What has happened? The Senate Select Committee on the Conduct of a Judge, as we have heard, sat for six months and reached no firm conclusion on the facts. In the absence of the judge and evidence from him under cross-examination, I do not believe any other conclusion was possible. In normal circumstances that would be the end of the matter. No one is looking for self-incrimination, and the fact that the judge did not give sworn evidence before the committee is not a ground for pursuing it any further. That should be the end of the matter. There is not sufficient evidence so far for anyone to come to a firm view. That would normally be the end of the matter, but this is not a normal case. It would also normally be the end of the matter if the complainant was not such a prestigious person as a chief magistrate. With someone of less prestige, it would not be pursued. But we have the two factors: One that a High Court judge is involved, and the second that the complainant is a man of some standing in the community, the Chief Stipendiary Magistrate of New South Wales. The judge is on a different plane. Senator Richardson spoke of the rights of the ordinary individual, but a judge must be on a much higher plane. I should like to read something the Attorney-General said in 1980, regarding the standards required of judges:

It might be thought that the standards I am suggesting are unreasonably high and not such that lesser mortals could reasonably be expected to attain.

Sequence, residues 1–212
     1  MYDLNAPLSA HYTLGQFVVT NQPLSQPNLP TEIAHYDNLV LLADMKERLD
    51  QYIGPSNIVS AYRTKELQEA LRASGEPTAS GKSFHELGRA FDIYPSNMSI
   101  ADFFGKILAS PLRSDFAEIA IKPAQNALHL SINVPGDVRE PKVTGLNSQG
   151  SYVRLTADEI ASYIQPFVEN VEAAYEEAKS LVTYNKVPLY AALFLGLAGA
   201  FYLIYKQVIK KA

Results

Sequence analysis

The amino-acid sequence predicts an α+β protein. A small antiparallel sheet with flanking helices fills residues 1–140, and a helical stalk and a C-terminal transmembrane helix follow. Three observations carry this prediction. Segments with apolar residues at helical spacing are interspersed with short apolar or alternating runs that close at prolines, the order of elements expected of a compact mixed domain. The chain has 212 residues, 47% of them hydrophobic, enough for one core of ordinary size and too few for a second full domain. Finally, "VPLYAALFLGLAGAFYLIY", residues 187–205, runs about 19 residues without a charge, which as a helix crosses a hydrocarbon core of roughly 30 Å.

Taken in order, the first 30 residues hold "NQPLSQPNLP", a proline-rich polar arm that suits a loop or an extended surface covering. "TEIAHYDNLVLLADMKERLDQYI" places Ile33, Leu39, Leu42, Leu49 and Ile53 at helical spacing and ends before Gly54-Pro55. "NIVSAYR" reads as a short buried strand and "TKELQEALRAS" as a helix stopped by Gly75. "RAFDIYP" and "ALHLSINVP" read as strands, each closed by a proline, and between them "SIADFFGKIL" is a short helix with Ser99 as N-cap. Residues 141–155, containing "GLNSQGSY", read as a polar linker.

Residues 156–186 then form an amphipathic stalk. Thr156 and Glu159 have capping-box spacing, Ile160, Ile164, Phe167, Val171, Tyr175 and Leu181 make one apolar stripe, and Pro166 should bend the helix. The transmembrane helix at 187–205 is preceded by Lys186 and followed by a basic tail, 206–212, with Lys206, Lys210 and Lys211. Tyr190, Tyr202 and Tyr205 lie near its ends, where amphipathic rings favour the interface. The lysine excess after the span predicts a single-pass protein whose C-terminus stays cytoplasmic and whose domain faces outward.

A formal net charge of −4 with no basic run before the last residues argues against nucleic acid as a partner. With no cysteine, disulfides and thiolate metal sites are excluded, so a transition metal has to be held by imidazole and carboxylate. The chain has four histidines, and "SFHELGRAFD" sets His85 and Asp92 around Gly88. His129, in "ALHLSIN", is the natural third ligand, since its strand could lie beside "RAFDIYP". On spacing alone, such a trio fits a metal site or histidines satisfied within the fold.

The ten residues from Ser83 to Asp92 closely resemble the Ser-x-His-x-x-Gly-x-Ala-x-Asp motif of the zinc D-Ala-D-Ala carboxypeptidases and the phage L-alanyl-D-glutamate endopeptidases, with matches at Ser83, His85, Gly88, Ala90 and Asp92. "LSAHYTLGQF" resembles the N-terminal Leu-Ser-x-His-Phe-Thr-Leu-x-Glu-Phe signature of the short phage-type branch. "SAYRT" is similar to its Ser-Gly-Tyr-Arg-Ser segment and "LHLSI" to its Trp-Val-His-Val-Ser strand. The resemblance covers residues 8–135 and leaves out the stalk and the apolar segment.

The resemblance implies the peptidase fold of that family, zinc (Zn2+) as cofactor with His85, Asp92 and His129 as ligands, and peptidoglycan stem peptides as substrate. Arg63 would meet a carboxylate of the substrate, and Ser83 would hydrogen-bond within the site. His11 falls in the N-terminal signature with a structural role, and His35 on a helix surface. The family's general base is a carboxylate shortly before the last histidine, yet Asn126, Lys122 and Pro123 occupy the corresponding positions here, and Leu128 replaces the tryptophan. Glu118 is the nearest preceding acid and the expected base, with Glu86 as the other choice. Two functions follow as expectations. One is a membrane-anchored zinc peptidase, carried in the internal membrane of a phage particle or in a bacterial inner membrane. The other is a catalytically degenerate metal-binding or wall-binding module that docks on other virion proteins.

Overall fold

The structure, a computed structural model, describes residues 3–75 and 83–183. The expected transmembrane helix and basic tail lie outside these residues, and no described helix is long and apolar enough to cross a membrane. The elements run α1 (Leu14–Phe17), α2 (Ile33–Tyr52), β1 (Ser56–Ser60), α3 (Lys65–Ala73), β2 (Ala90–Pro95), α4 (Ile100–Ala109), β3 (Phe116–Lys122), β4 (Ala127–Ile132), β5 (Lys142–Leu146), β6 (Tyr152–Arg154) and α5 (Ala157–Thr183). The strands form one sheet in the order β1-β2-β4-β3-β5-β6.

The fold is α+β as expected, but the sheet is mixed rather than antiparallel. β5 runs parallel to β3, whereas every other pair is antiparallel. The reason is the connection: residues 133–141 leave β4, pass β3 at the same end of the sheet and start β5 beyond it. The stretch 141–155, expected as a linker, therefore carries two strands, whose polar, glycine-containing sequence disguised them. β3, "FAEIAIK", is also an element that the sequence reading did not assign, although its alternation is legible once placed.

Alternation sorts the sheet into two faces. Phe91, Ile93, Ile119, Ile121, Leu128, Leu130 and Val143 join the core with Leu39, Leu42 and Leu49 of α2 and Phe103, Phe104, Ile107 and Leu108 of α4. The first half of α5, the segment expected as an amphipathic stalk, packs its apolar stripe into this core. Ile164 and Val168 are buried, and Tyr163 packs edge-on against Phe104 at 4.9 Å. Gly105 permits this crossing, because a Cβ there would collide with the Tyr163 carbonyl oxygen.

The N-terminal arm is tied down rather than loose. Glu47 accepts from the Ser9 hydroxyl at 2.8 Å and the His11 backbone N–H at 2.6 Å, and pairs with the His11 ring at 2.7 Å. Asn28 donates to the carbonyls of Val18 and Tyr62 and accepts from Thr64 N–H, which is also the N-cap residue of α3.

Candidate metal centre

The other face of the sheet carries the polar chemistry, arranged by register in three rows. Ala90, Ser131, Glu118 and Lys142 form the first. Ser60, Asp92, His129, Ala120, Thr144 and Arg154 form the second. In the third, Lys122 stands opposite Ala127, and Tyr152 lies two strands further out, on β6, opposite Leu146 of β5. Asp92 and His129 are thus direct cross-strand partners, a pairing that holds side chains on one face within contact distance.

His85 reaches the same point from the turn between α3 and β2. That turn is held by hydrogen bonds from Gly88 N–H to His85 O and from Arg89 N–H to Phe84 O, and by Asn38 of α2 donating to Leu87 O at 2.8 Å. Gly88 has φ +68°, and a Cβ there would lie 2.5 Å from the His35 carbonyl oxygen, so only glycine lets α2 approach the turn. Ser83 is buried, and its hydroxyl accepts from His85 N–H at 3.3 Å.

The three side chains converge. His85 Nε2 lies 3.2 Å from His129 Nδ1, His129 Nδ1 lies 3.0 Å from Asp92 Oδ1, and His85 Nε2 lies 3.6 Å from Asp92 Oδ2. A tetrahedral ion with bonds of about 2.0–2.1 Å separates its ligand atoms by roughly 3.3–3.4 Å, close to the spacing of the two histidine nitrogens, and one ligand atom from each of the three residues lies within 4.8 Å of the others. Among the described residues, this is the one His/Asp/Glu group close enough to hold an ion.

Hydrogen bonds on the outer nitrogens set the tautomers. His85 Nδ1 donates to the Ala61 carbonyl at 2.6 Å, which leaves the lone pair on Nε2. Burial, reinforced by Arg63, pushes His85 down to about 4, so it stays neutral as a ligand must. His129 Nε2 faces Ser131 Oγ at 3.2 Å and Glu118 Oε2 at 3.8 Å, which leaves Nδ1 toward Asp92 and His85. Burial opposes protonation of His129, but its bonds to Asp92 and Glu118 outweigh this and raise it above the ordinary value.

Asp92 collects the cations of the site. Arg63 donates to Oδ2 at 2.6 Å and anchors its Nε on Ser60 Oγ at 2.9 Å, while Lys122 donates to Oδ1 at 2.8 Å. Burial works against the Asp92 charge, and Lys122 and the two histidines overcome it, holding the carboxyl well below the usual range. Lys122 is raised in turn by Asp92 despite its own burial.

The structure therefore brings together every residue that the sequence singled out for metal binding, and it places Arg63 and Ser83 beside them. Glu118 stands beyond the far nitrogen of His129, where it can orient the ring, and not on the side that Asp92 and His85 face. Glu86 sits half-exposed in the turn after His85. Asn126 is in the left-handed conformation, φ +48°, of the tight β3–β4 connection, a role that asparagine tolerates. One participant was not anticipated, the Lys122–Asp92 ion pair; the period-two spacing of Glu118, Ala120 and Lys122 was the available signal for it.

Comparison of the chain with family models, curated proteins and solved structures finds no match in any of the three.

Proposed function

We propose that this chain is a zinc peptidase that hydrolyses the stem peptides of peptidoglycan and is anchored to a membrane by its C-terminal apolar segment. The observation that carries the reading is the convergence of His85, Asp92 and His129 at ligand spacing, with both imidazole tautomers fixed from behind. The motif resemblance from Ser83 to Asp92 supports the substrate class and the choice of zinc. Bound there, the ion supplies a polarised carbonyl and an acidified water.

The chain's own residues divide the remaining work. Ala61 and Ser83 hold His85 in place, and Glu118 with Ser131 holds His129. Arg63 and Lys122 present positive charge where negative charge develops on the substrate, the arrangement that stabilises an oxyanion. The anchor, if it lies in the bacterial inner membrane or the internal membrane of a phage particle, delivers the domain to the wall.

But the fact remains that the standards we require of our judiciary are higher than might be reasonable to require of everyone else.

He went on to quote with approval some words of Sir Winston Churchill, who said of judges:

A form of life and conduct far more severe and restrictive than that of ordinary people is required from judges and, though unwritten, has been most strictly observed. They are at once privileged and restricted. They have to present a continuous aspect of dignity and conduct . . . The judges have to maintain, though free from criticism, a far more rigorous standard than is required from any other class that I know of in this realm.

That is why this matter must be resolved. It cannot in the interests of the administration of justice be left in the category of not proven. We must resolve it one way or the other. The question is where do we go now? The Government would like to refer the matter to the Director of Public Prosecutions, but he has no coercive powers. He could do no better than the Senate committee. He would not and could not resolve the issue. It may well be that purely as a criminal case it is inherently unprovable. Referring to the Director of Public Prosecutions the evidence on which the Senate committee was unable to reach a clear resolution will get us no further forward at all without evidence from the judge-which could be cross-examined given in person. The Government should set up a royal commission to look into the matter. But the Government refuses; it does not accept its responsibilities.